An illustrated chronology of impact

For over forty years Doonesbury has had an uninterrupted history of inspiring controversy and generating fallout. It has consistently helped steer the national conversation - by commenting on it, provoking it, and sometimes being the subject of it. From cancelled papers and angry commentary to military commendations and the Pulitzer Prize, "Timeline" chronicles the real-life adventures of a strip that can't stay out of the news.


  • March 20, 1990

    Sunday strip features "protest stamps," which Zonker urges readers to affix to correspondence in opposition to proposed postal rate increase. United States Post Office officials issue an internal alert. Postmaster General Anthony M. Frank calls the strip "a mistake."

  • March 26, 1990

    Several papers drop Doonesbury series on Dan Quayle's purchase of an anatomically correct gag doll during an official visit to Chile. The Pine Bluff, Arkansas Commercial explains: "Those of us in the newspaper business are obliged to cover the tasteless, but we see no reason to publish material on this page that is both tasteless and boring."

  • May 24, 1990

    Andy Lippincott finally succumbs to AIDS. The San Francisco Chronicle runs news of his death on its obituary page, and Andy is remembered by a square in the NAMES Project AIDS Memorial Quilt.

  • October 15, 1990

    In a 20th anniversary profile, Trudeau describes himself as "Joan of Arc's spouse."

  • November 1, 1990

    Trudeau is bounced from a USO-sponsored Gulf War trip to Saudi Arabia. U.S. Headquarters in Riyadh claims the cartoonist was not barred but his visit merely postponed "due to logistics and transportation limitations." A senior administration official denies the White House knew of Trudeau's trip, adding "If we had known, we would have bumped him, too."

  • December 15, 1990

    Trudeau devotes almost 250 consecutive days to the Gulf War, and receives a Certificate of Achievement from the 4th Battalion 67th Armor in Kuwait City, "for significant contributions to the morale of the United States forces deployed on Operation Desert Storm."

  • January 28, 1991

    Numerous papers pull a Sunday strip which features cartoons by "Zorro," a Desert Shield airman stationed in Saudi Arabia. The mordant military humor draws a barrage of critical editorials and calls to the syndicate, and several papers cancel Doonesbury outright.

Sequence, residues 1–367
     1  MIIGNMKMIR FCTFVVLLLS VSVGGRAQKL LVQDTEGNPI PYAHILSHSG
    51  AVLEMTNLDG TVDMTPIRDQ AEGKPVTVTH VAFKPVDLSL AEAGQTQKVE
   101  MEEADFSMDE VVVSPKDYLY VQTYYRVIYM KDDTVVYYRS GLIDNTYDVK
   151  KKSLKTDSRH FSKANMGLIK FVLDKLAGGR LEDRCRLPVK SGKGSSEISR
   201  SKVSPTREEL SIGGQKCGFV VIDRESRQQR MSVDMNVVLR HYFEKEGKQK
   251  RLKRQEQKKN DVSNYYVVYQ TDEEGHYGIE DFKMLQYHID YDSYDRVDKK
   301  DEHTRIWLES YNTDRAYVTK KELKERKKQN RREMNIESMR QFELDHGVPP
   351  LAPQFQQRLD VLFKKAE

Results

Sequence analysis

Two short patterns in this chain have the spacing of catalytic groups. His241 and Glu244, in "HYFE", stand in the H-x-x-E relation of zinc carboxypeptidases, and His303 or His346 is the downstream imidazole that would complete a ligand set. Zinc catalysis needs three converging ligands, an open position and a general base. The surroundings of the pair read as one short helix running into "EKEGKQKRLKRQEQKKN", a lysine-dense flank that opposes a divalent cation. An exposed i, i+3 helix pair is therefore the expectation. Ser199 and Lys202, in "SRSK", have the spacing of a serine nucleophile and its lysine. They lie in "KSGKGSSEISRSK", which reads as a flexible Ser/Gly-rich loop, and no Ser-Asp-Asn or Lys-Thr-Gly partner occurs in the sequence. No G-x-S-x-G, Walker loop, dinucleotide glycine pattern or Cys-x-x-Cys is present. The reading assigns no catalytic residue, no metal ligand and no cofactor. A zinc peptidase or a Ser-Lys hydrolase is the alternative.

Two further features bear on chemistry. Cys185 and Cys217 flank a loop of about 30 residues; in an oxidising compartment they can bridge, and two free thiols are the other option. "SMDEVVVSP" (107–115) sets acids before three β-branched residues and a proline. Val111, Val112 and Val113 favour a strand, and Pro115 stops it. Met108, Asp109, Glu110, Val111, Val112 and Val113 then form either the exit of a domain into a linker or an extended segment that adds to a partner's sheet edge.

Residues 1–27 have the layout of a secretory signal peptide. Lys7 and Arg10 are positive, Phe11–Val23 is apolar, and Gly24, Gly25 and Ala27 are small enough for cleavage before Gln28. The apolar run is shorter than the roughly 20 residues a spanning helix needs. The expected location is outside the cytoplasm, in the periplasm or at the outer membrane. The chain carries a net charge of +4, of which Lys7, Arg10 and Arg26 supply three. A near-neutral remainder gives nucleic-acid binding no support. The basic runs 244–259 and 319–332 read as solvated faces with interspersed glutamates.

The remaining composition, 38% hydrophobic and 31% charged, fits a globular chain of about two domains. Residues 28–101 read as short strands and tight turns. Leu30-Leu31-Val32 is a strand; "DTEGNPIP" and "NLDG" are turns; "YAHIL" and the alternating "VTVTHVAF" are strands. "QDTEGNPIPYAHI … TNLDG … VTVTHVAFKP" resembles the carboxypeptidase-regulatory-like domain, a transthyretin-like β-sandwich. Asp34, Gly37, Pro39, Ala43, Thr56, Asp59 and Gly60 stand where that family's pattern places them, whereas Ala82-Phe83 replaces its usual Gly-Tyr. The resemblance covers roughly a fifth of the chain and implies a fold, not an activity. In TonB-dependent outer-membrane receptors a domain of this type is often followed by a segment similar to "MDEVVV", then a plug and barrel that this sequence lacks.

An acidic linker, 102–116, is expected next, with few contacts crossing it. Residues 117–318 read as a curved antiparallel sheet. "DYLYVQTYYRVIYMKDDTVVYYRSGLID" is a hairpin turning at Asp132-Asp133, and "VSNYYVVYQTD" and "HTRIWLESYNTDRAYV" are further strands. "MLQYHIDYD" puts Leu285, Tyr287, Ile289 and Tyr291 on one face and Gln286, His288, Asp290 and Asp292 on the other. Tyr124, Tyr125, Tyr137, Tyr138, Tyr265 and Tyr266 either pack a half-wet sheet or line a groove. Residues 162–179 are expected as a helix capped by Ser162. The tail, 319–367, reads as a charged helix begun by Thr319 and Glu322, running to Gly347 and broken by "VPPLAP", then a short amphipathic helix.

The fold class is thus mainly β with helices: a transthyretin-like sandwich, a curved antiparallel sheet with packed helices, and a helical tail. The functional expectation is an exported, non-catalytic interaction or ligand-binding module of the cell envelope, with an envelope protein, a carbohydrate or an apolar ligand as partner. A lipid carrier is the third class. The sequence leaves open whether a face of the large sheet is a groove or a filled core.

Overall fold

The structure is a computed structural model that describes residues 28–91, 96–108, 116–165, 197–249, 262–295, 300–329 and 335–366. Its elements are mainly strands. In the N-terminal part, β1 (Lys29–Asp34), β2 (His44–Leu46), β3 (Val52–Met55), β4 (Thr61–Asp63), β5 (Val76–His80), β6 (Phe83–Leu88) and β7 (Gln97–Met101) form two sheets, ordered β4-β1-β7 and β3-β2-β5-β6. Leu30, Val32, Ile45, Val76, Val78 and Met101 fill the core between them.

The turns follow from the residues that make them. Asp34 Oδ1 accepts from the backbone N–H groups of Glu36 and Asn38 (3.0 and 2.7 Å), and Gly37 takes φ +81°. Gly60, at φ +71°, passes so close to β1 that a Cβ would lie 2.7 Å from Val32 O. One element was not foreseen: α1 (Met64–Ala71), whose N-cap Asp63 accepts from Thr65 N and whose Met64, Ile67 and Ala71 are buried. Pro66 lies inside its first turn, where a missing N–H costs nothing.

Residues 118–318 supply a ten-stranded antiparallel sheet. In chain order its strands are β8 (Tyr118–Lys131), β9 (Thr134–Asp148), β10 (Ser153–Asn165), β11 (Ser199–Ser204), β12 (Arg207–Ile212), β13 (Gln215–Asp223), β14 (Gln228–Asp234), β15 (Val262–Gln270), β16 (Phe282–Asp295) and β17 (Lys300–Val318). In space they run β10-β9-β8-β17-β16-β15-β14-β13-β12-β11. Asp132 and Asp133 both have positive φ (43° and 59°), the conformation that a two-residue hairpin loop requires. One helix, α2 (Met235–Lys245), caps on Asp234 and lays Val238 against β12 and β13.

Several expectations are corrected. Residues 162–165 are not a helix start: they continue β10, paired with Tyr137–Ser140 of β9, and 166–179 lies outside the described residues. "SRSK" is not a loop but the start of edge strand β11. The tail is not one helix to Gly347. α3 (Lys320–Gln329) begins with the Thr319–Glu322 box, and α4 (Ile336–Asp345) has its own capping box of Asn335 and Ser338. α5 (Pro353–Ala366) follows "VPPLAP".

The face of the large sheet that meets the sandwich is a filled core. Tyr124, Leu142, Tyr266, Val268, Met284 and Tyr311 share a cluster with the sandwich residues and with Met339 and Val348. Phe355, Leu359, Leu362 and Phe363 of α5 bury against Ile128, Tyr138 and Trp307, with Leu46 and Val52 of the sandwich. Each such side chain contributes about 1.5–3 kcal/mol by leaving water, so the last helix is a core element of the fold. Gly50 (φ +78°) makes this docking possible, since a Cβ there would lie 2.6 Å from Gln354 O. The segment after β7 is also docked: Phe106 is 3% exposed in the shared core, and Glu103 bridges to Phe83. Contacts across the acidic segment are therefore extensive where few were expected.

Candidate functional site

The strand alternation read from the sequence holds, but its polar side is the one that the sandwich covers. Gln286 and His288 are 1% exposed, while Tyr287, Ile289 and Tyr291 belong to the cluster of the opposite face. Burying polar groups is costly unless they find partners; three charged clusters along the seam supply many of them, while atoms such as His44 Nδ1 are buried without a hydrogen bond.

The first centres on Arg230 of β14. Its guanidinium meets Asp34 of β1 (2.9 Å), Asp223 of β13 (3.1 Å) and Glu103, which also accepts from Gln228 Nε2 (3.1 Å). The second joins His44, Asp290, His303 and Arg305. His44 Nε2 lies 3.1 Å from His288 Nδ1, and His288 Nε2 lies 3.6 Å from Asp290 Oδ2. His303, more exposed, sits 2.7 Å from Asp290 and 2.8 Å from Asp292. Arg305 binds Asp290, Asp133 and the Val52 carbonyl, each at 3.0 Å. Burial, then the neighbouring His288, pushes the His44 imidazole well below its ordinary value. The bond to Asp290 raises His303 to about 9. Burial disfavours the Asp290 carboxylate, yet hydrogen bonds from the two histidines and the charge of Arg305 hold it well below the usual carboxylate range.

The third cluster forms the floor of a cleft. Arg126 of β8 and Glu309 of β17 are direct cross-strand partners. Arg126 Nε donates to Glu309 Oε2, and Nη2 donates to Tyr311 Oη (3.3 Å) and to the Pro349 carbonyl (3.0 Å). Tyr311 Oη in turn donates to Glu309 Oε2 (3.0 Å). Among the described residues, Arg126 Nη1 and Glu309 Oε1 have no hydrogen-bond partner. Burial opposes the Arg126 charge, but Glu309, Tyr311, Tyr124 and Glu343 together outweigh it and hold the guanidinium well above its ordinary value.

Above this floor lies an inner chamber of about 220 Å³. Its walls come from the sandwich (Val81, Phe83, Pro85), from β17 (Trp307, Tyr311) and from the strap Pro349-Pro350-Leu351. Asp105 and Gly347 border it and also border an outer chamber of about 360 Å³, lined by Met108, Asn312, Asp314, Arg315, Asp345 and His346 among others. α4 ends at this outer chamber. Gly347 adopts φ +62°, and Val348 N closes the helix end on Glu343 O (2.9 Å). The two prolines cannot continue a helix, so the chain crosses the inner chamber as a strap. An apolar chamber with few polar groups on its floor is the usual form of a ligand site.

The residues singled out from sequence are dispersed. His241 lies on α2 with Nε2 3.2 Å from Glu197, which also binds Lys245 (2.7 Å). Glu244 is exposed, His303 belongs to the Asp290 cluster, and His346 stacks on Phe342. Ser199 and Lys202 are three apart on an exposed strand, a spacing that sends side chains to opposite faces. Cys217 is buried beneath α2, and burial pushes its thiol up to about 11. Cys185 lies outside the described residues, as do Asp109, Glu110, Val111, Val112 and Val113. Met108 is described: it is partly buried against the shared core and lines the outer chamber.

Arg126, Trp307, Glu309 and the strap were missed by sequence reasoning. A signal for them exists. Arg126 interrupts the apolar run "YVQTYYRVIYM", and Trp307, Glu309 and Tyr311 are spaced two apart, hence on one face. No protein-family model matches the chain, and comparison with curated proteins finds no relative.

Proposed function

• March 1, 1991

    Trudeau receives a Desert Storm Certificate of Appreciation from the U.S. Army "with heartfelt thanks for your generous support of the members of this high-caliber force," and donates two Gulf War strips to the Army Art Collection.

  • March 30, 1991

    A Sunday Doonesbury strip comments on Chrysler Chairman Lee Iacocca's recent TV commercials touting Chrysler's airbags. Iacocca calls the series "bullshit."

  • October 1, 1991

    Trudeau launches "The Great Doonesbury Sellout" catalog, offering 35 items, including the Mr. Butts "Go Ahead, You're Immortal" ashtray, the Dr. Whoopee condom case, Club Scud swizzle sticks, and the Desert Storm camo bikini. Proceeds go to the Coalition for the Homeless and other nonprofits.

  • November 13, 1991

    Scores of newspapers and commentators denounce a Doonesbury series about Dan Quayle's DEA file and Brett Kimberlin, a federal prisoner put in solitary confinement to keep him from repeating his claim that he sold marijuana to the vice president. "Who cares what a comic strip may or may not say about me or anyone else," says Quayle. Trudeau is denounced on the floor of the U.S. Senate, as numerous papers withhold the series and some drop the strip.

  • February 2, 1992

    When a Doonesbury Sunday strip encourages readers to seek Texas residency, over 45,000 Lone Star wannabes send in coupons from all 50 states. Canada, Brazil, Japan, and Kuwait. Texas Controller John Sharp refuses to give the names of Pennsylvania applicants to tax officials from that state, who want "to see if they had paid their state income taxes."

  • February 3, 1992

    Ambassador Duke joins the David Duke campaign.

  • June 1, 1992

    J. Edgar Williams of Chatham County, NC, files a complaint with the Federal Election Commission against Trudeau, Trudeau's syndicate, and every newspaper carrying Doonesbury, contending that two February strips carrying Jerry Brown's 1-800 number amounted to millions of dollars in free advertising and violated campaign finance laws.

  • November 19, 1992